sidle up

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sidle up (from someone or something)

To move gradually, inconspicuously, or surreptitiously up to or toward someone or something. As soon as you step foot in the city center, panhandlers begin sidling up looking for handouts. She sidled up to me with a sultry look in her eyes.
See also: sidle, someone, up

sidle up (to someone or something)

to move close to someone or something cautiously or furtively; to move closer to someone or something gradually. Tex sidled up to Dolly and said howdy in a soft, shy voice. Dolly sidled up and picked the cowboy's pocket.
See also: sidle, up

sidle up

To advance in an unobtrusive, furtive, or coy way: At the train station, swindlers sidled up to the tourists.
See also: sidle, up
References in periodicals archive ?
It was hard not to ask why, in narrative terms, the mummified hands that shoot lightning bolts at fir trees shouldn't have been paired with the stack of money in a nearby piece, or why the "retard" next to a water fountain couldn't sidle up to the Rolling Stones-style grinning mouth in another work.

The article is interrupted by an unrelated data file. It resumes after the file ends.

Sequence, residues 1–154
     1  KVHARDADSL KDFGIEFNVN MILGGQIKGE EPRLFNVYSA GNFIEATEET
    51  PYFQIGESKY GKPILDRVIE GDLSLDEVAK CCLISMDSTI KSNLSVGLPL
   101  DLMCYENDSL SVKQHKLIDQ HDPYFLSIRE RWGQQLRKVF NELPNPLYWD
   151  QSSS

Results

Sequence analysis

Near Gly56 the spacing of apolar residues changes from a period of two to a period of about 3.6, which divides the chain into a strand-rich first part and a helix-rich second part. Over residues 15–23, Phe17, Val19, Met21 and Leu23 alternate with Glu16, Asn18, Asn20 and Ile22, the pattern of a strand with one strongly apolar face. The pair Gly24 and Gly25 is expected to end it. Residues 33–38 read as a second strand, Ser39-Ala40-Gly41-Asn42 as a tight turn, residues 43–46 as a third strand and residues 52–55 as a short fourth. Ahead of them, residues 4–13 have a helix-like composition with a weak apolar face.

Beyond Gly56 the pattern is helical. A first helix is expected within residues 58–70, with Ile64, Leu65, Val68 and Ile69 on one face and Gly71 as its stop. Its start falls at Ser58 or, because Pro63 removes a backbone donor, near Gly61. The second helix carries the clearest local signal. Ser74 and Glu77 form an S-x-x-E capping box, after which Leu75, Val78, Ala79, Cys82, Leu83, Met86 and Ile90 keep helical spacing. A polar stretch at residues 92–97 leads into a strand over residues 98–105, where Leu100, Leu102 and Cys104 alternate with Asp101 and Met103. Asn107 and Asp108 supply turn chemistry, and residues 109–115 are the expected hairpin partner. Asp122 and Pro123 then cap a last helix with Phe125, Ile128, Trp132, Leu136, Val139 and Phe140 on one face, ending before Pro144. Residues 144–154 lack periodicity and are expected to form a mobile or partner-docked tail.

Sidle up to the cherry wood bar and gaze upon the floor to-ceiling selection of wines, ports, cognacs and the like or hang back and hang back and watch Houston's beautiful people mingle on the dance floor.
The following week, they couldn't wait to get back to their own kind and sidle up to the Les Aspin-Bobby Inman story.
Sometimes even grown-ups sidle up to them and ask for a photograph with their arms around these god-like figures - it's all gone completely mad.
Sometimes even grown-ups sidle up to them and ask for their photographs with their arms around these god-like figures - It's all gone completely mad
It may not sidle up and down Gateshead Quays ( at least not while anyone's watching ( but who's to say city buildings will always be rooted to the spot.